CFV: Project Trinity

Volker Simonis volker.simonis at
Mon Apr 24 17:30:30 UTC 2017

On Mon, Apr 24, 2017 at 5:00 PM, Karthik Ganesan
<karthik.ganesan at> wrote:
> I would like to thank Paul Sandoz, Christian Thalinger, Doug Simon, Mario
> Torre and Volker Simonis for their support and the insightful questions.
> What we are proposing to do as part of this project is complementary to
> existing efforts that enable offload to GPUs like Sumatra, AparAPI etc.
> These existing projects provide implementations translating existing Java
> API via Bytecodes to GPU language. Trinity extends these efforts and takes
> it one step further by readily providing the building blocks for programmers
> to construct complex bulk data/stream based algorithms in Java that can be
> easily offloaded by these existing projects. While having a route to offload
> to hardware accelerators is useful, but making it easier for programmers to
> leverage will take it one step closer to adoption.
> Projects like Sumatra and AparAPI use the the Stream ForEach() method to
> show case offloads. Trinity will offer more such methods with richer
> functionality, making it easier for these existing projects to leverage and
> deliver hardware capabilities to be readily consumed by programmers. Unlike
> the existing Streams API, the library for this new API is envisioned to have
> a stronger focus on performance, a dedicated implementation that will be
> offload friendly and cover more functions that are relevant to this domain
> of programmers.
> Also, please note that Trinity casts a wider a net when it comes to
> accelerators, not just GPUs/APUs. These accelerators can include Analytics
> accelerators like DAX, SIMD units on general purpose cores, FPGA based
> accelerators for bulk aggregate operations, GPUs and whatever more the
> future holds in terms of heterogeneous computing for bulk data processing.

This certainly sounds very ambitious! I'm not an expert in this area,
but I don't think there's even a good C/C++ API which covers this
broad range of "accelerators". What we should certainly avoid is
providing an API which only works with accelerator XXX of vendor YYY.
If the goal of this project is to eventually provide a standard Java
API, it should at least support a wide range of available
"accelerators" which, to repeat my self, makes it quite ambitious.

That said, how is this new library supposed to work? Will it be mainly
implemented in Java with various native C/C++ back-ends or do you plan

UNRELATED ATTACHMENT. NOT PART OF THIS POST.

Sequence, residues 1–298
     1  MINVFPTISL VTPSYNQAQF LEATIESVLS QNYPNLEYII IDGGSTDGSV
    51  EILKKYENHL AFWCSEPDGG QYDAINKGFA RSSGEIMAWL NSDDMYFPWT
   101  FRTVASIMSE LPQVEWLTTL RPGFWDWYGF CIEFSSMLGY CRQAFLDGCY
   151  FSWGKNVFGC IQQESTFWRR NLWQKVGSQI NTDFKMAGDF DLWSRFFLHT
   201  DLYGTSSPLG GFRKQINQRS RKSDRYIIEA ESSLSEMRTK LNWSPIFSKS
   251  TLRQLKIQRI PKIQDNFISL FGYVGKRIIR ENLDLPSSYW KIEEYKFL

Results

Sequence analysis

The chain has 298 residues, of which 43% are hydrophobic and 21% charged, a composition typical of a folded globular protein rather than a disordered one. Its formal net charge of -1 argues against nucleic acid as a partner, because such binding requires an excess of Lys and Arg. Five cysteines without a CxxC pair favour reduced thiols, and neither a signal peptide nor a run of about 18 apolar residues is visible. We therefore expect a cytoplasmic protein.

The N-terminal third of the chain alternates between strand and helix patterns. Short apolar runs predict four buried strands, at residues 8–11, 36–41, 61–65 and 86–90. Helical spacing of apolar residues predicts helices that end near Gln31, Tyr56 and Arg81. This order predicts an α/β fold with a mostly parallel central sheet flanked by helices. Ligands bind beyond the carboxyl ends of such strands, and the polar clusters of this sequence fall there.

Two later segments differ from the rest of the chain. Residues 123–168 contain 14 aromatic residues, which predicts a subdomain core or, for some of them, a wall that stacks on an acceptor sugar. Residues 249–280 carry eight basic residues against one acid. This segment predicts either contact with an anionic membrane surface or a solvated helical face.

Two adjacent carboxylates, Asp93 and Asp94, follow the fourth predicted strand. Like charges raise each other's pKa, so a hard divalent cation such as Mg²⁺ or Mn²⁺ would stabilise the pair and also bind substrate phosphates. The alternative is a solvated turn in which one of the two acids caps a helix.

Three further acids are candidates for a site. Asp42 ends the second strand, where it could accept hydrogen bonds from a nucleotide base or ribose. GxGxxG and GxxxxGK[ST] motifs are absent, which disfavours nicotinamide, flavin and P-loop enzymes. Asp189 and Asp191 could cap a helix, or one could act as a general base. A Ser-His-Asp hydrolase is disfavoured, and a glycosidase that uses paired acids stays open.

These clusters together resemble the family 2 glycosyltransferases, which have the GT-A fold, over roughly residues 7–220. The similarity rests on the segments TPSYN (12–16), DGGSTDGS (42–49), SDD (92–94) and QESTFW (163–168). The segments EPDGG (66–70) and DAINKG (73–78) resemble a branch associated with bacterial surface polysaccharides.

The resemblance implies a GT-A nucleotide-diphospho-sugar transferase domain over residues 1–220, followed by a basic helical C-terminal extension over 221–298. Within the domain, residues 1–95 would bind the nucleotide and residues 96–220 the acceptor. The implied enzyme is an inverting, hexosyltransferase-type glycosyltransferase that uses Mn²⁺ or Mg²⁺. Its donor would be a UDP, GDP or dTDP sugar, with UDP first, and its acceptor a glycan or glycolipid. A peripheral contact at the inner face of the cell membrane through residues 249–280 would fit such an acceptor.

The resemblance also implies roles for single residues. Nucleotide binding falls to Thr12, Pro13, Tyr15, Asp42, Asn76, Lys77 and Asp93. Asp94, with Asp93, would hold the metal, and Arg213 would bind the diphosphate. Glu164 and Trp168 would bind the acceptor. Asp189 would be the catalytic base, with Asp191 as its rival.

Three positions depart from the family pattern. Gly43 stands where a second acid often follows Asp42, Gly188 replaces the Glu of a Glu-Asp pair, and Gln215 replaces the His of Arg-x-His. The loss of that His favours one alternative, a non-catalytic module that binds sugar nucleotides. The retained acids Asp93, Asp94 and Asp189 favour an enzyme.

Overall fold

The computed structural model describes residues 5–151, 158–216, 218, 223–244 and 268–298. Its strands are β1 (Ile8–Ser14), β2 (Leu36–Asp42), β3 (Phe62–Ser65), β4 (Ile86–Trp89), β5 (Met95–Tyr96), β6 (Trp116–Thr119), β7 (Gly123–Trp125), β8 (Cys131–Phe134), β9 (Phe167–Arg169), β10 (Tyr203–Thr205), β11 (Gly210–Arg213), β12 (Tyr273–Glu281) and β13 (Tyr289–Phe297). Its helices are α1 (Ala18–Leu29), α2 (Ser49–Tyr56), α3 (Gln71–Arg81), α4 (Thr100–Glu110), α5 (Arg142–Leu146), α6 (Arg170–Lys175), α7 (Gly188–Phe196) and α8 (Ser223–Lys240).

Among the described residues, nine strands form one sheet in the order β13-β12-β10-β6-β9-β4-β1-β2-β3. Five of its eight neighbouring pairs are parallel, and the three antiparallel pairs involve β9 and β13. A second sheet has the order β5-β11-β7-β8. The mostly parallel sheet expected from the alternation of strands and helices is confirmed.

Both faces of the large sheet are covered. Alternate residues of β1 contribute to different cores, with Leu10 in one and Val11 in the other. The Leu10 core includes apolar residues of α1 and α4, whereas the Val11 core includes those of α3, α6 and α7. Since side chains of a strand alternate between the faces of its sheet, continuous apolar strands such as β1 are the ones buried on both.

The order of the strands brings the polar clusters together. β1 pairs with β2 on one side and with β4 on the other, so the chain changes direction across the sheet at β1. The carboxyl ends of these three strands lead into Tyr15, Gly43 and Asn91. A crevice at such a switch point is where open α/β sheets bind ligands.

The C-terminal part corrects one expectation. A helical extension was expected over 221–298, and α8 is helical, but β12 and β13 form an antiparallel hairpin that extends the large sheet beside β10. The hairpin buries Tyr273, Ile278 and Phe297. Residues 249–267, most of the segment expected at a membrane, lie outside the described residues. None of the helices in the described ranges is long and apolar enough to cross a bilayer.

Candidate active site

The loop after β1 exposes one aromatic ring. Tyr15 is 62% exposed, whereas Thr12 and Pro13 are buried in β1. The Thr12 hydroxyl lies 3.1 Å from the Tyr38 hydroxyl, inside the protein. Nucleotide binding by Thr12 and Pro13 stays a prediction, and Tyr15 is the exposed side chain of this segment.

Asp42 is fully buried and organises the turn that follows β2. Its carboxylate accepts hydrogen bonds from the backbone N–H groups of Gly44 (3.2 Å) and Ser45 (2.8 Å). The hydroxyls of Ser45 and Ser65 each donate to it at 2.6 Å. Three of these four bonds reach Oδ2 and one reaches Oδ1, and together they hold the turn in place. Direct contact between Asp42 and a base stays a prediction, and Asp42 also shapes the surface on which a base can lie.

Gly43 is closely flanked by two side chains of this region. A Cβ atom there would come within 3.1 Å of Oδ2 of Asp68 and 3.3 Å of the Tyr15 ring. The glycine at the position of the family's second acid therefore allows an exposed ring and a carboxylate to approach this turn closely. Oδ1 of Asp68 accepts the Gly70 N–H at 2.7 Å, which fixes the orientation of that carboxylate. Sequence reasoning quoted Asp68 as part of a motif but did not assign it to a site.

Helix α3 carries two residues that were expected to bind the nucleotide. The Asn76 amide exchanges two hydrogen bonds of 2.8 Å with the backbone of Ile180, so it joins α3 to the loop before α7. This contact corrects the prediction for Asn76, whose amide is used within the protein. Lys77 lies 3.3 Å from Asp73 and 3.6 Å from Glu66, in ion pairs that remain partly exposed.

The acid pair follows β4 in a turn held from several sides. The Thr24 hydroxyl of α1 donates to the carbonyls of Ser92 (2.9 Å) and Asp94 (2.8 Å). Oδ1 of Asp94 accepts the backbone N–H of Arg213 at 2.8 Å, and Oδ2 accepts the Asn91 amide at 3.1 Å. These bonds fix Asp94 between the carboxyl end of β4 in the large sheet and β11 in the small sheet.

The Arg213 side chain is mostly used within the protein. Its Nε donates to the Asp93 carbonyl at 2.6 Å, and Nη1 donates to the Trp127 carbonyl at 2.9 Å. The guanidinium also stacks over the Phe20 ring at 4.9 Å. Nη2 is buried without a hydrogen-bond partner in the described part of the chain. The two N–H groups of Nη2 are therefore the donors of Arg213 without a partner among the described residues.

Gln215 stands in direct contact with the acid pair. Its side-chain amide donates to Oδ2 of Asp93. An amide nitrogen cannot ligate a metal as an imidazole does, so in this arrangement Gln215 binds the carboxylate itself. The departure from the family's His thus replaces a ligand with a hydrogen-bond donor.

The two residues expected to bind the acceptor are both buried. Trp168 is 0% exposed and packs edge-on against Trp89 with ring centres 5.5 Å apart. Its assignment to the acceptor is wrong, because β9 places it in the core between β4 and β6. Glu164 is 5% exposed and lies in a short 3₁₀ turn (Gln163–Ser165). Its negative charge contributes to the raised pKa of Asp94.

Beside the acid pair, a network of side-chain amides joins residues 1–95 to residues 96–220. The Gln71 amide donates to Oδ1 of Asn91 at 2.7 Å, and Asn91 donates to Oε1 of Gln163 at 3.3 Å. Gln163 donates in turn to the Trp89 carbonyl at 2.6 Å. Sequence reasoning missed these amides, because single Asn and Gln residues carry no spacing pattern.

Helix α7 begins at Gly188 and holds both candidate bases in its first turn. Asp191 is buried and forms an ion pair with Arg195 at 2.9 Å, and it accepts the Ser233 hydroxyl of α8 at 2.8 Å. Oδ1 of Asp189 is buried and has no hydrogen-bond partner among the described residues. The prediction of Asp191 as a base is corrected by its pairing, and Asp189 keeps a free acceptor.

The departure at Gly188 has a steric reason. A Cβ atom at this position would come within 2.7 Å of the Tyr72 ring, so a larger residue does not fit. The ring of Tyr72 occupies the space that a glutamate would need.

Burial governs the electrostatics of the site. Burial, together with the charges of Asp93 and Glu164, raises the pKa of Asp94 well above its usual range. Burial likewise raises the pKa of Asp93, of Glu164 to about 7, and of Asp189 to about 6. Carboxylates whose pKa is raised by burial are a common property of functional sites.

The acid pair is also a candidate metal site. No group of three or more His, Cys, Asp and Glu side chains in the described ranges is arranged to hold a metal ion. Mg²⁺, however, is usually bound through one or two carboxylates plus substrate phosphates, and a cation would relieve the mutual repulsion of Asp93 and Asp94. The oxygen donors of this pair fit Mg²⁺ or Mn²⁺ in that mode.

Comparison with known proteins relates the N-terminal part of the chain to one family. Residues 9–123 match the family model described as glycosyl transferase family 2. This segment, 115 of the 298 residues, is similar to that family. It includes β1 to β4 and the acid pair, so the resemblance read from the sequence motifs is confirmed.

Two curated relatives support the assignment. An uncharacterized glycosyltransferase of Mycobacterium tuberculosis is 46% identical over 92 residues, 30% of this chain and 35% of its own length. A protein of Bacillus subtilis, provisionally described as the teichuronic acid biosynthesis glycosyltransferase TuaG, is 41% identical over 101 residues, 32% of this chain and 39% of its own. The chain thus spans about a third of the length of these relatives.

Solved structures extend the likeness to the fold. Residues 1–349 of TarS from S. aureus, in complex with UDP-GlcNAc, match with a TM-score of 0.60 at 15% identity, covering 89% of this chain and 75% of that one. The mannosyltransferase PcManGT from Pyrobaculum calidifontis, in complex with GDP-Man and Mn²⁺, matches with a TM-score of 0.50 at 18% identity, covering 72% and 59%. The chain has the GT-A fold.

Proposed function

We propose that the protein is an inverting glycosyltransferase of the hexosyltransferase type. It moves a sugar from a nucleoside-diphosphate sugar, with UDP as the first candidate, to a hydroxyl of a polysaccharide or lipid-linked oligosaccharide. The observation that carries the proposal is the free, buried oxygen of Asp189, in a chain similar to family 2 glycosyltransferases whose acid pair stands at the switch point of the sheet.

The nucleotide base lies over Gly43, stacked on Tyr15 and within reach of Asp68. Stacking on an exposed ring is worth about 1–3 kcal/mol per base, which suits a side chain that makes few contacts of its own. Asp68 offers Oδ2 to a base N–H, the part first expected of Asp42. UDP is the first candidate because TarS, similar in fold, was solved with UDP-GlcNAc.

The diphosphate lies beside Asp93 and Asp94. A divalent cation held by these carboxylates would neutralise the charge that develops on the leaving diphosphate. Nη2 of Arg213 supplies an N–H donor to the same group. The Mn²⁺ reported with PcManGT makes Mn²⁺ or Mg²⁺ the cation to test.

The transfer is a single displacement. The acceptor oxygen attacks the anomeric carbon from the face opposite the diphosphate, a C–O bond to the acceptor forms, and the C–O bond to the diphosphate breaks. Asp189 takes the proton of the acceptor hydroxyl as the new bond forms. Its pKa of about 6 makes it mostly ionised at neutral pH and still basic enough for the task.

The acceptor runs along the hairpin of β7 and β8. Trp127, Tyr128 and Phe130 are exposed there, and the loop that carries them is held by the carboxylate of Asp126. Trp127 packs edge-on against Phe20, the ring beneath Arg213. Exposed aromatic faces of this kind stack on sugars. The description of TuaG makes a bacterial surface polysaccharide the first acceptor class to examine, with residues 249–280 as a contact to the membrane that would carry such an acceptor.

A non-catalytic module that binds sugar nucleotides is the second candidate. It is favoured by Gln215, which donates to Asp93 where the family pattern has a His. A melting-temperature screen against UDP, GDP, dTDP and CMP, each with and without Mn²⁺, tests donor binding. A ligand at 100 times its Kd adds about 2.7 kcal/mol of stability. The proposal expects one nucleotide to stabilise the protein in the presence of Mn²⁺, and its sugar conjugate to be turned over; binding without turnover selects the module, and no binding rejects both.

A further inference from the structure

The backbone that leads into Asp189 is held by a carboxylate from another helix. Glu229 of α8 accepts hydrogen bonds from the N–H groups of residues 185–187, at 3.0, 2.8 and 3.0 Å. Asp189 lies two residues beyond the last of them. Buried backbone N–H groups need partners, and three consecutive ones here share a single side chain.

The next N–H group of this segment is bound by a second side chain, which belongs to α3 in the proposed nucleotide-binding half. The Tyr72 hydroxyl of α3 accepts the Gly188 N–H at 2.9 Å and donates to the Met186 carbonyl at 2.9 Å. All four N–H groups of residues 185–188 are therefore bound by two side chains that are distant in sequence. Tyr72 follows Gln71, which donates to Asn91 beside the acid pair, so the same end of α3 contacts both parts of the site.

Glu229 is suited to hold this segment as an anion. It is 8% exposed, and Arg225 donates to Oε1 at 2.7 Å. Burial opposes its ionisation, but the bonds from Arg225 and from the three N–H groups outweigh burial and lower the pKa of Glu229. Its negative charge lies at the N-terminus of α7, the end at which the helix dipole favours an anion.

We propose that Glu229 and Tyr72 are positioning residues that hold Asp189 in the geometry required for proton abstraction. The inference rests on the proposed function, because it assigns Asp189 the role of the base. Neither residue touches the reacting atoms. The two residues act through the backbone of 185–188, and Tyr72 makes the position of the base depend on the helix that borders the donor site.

to still use VM (aka. HotSpot) support via intrinsics and various
other sorts of JIT compiler optimizations? As far as I understood now,
you'll plan to go for the first approach without HotSpot support,
right? In that case, Trinity would certainly be a good candidate for
using the new JNI work done in project Panama.

> Inspired by the existing Streams API that brings succinct functional
> programming to Java using lambdas, this project will try to retain such rich
> features, significantly simplifying programming in Java for the performance
> oriented developers focusing on bulk data processing.
> Regards,
> Karthik
> On 4/24/2017 4:09 AM, Doug Simon wrote:
>>> On 24 Apr 2017, at 10:50, Volker Simonis <volker.simonis at>
>>> wrote:
>>> On Sun, Apr 23, 2017 at 1:39 PM, Doug Simon <doug.simon at>
>>> wrote:
>>>>> On 21 Apr 2017, at 23:54, Christian Thalinger <cthalinger at>
>>>>> wrote:
>>>>>> On Apr 21, 2017, at 11:41 AM, Karthik Ganesan
>>>>>> <karthik.ganesan at> wrote:
>>>>>> Hi Christian,
>>>>>> Thanks for your interest. This question was brought up previously in
>>>>>> the discussion email thread for this project:
>>>>>> Project Sumatra was aimed at translation of Java byte code to execute
>>>>>> on
>>>>>> GPU, which was an ambitious goal and a challenging task to take up. In
>>>>>> this
>>>>>> project, we aim to come up with APIs targeting the most common
>>>>>> Analytics
>>>>>> operations that can be readily offloaded to accelerators
>>>>>> transparently. Most
>>>>>> of the information needed for offload to the accelerator is expected
>>>>>> to be
>>>>>> readily provided by the API semantics and there by, simplifying the
>>>>>> need to
>>>>>> do tedious byte code analysis.
>>>>> I disagree.  The first paragraph on the Sumatra project page says:
>>>>> "This primary goal of this project is to enable Java applications to
>>>>> take advantage of graphics processing units (GPUs) and accelerated
>>>>> processing units (APUs)--whether they are discrete devices or integrated
>>>>> with a CPU--to improve performance.”
>>>>> while you state:
>>>>> "This Project would explore enhanced execution of bulk
>>>>> aggregate calculations over Streams through offloading
>>>>> calculations to hardware accelerators.”
>>>>> It’s the same thing.  I just don’t see the need to spin up yet-another
>>>>> OpenJDK project that aims at the same goal.
>>>> Maybe this is just a discrepancy between the officially stated aims. I
>>>> understood Sumatra to be about *automatic* offloading work for existing APIs
>>>> (such as the Streams API) to a GPU where as Trinity seems to be more about
>>>> designing an explicit API for GPU offloading.
>>> So if this is about a explicit API for GPU offloading, will this be a
>>> Java implementation/wrapper for already existing C/C++ APIs like
>>> CUDA/OpenCL. Designing a completely new, Java-specific API seems to be
>>> not very promising to me.
>> I agree.
>> Karthik, maybe you could discuss the differences/similarities between
>> Trinity and the Arapapi project (
>> -Doug

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